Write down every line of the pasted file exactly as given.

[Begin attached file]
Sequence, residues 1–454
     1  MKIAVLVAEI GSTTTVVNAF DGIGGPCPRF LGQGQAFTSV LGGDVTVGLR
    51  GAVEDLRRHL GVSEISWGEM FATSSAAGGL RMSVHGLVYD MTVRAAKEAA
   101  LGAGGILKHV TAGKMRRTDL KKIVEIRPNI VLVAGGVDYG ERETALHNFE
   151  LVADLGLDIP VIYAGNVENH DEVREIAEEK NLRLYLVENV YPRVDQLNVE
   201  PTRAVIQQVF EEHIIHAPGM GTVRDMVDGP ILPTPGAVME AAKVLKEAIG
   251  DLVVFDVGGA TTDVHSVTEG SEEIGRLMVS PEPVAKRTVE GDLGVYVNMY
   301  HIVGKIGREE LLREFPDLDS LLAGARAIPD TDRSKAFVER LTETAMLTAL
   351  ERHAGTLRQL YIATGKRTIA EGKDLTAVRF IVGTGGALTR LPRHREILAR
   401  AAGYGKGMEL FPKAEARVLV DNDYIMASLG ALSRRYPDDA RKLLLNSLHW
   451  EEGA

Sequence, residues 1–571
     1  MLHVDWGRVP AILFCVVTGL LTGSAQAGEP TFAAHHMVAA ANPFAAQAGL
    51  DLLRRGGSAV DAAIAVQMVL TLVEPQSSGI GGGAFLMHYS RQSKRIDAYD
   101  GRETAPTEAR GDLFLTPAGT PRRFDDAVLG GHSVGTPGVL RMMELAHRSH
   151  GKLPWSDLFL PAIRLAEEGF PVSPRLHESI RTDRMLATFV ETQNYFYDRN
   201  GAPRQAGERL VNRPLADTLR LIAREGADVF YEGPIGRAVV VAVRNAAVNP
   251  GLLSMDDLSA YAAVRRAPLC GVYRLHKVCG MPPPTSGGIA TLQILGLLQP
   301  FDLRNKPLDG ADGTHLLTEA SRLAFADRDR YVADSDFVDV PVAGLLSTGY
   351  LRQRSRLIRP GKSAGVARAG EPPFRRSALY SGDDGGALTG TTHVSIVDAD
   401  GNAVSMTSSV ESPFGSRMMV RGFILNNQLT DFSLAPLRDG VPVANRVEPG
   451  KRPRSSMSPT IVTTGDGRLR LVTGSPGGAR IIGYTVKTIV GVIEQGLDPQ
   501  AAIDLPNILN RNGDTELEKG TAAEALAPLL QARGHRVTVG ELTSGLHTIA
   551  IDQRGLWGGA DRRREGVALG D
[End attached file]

Sequence, residues 1–454
     1  MKIAVLVAEI GSTTTVVNAF DGIGGPCPRF LGQGQAFTSV LGGDVTVGLR
    51  GAVEDLRRHL GVSEISWGEM FATSSAAGGL RMSVHGLVYD MTVRAAKEAA
   101  LGAGGILKHV TAGKMRRTDL KKIVEIRPNI VLVAGGVDYG ERETALHNFE
   151  LVADLGLDIP VIYAGNVENH DEVREIAEEK NLRLYLVENV YPRVDQLNVE
   201  PTRAVIQQVF EEHIIHAPGM GTVRDMVDGP ILPTPGAVME AAKVLKEAIG
   251  DLVVFDVGGA TTDVHSVTEG SEEIGRLMVS PEPVAKRTVE GDLGVYVNMY
   301  HIVGKIGREE LLREFPDLDS LLAGARAIPD TDRSKAFVER LTETAMLTAL
   351  ERHAGTLRQL YIATGKRTIA EGKDLTAVRF IVGTGGALTR LPRHREILAR
   401  AAGYGKGMEL FPKAEARVLV DNDYIMASLG ALSRRYPDDA RKLLLNSLHW
   451  EEGA

Sequence, residues 1–571
     1  MLHVDWGRVP AILFCVVTGL LTGSAQAGEP TFAAHHMVAA ANPFAAQAGL
    51  DLLRRGGSAV DAAIAVQMVL TLVEPQSSGI GGGAFLMHYS RQSKRIDAYD
   101  GRETAPTEAR GDLFLTPAGT PRRFDDAVLG GHSVGTPGVL RMMELAHRSH
   151  GKLPWSDLFL PAIRLAEEGF PVSPRLHESI RTDRMLATFV ETQNYFYDRN
   201  GAPRQAGERL VNRPLADTLR LIAREGADVF YEGPIGRAVV VAVRNAAVNP
   251  GLLSMDDLSA YAAVRRAPLC GVYRLHKVCG MPPPTSGGIA TLQILGLLQP
   301  FDLRNKPLDG ADGTHLLTEA SRLAFADRDR YVADSDFVDV PVAGLLSTGY
   351  LRQRSRLIRP GKSAGVARAG EPPFRRSALY SGDDGGALTG TTHVSIVDAD
   401  GNAVSMTSSV ESPFGSRMMV RGFILNNQLT DFSLAPLRDG VPVANRVEPG
   451  KRPRSSMSPT IVTTGDGRLR LVTGSPGGAR IIGYTVKTIV GVIEQGLDPQ
   501  AAIDLPNILN RNGDTELEKG TAAEALAPLL QARGHRVTVG ELTSGLHTIA
   551  IDQRGLWGGA DRRREGVALG D